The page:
The flexible, more distal ends 24 and 25, 24' and 25' also project acoustic energy but since the flexible surfaces 21, 22 and 23 as well as 15' are so much nearer the hydrophone elements, the sound emanating from the more remote projection surfaces is small. This is because the surfaces 21-22-23 and 21'-22' are less than one-tenth the distance from the hydrophone elements as surfaces 24-25 and 24' and 25'. The pressure waves from the closer surfaces are approximately 10 times the pressure waves from the far distant surfaces.
Since the oil or water volume is merely transferred back and forth and the projection surfaces are close to the hydrophone elements, a considerable pressure variation can be created. By having the two pistons traveling in opposite direction, the nearby pressure wave is additive and the mechanical vibrations otherwise attributable to a single such vibrating surface are not created and, therefore, cannot be transmitted to the array. Such vibrations from a single radiating surface could very well be coupled to the array to obscure the desired acoustic results. Therefore, in critical applications it is desirable to have two pistons driven in two tubes that extend in opposite directions perpendicular from the array axis.
A single piston in a single tube will function somewhat satisfactorily if certain precautions are followed. Suitable damping must be provided including bungie-like mounts, resilient couplers, counterweights and the like.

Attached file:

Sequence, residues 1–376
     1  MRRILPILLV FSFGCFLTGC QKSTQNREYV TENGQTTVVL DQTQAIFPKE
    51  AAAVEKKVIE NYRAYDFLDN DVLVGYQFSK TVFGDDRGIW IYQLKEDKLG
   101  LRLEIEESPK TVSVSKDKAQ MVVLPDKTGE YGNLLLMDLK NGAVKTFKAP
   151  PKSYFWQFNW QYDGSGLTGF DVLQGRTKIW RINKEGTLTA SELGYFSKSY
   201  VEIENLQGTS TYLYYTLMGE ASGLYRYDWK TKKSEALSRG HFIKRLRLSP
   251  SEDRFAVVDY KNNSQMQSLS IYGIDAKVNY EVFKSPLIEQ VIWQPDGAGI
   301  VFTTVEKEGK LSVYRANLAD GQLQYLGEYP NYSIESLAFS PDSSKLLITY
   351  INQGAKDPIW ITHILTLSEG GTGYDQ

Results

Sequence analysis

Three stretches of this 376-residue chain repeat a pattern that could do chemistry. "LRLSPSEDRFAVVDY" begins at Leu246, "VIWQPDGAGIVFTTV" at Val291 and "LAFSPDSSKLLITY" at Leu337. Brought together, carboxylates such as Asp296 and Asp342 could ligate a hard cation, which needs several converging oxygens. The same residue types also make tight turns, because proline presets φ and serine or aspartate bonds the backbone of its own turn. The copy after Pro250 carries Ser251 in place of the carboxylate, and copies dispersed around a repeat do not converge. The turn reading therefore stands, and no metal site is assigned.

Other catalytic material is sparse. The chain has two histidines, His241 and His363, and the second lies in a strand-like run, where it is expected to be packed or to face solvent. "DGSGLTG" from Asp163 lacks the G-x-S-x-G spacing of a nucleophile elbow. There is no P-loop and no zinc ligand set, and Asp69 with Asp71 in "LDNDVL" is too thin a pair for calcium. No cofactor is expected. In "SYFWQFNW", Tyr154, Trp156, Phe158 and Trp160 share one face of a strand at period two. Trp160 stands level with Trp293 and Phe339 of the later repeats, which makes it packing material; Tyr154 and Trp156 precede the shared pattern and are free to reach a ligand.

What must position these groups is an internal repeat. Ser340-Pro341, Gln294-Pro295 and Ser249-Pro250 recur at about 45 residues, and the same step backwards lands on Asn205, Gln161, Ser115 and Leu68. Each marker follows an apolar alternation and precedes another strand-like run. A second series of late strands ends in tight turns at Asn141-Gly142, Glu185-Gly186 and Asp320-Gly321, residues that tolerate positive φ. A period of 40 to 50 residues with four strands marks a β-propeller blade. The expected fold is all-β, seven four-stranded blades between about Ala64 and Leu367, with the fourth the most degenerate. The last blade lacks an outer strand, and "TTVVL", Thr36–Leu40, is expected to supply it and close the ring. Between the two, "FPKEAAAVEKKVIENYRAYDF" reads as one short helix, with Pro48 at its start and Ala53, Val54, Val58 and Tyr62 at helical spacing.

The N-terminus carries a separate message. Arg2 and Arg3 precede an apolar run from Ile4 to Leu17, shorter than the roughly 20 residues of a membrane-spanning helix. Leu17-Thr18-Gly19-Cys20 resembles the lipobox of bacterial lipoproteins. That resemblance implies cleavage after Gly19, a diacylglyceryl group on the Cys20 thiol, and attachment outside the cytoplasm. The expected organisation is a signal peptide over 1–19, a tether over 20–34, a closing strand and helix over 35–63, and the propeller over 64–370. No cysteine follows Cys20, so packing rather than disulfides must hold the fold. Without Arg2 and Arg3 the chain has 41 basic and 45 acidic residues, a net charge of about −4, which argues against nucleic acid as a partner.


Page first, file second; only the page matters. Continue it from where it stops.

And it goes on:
Since the tubes and motors can be filled with a non-corrosive fluid such as an oil, and rubber or otherwise suitable flexible, elastic materials can be used to contain the oil, the sound source should be relatively trouble free. The gear box 16a between the motor and the crank-and-rod mechanisms 17 and 18 of FIG. 2 might be advisable to sustain low frequency operation for prolonged periods of time; however it is well to remember that low motor speeds and reduced frictional losses may be more desirable.
Although linear induction motors and return springs and the crank-and-rod piston actuators have been discussed, it is well within the scope of this inventive concept to embrace cams and followers along with appropriate springs to responsively reciprocate the pistons. The multitude of cams, followers and related contrivances for providing linear displacements are well known and further elaboration is felt unnecessary.
Obviously many modifications and variations of the present invention are possible in the light of the above teachings. It is therefore to be understood that within the scope of the appended claims the invention may be practiced otherwise than as specifically described.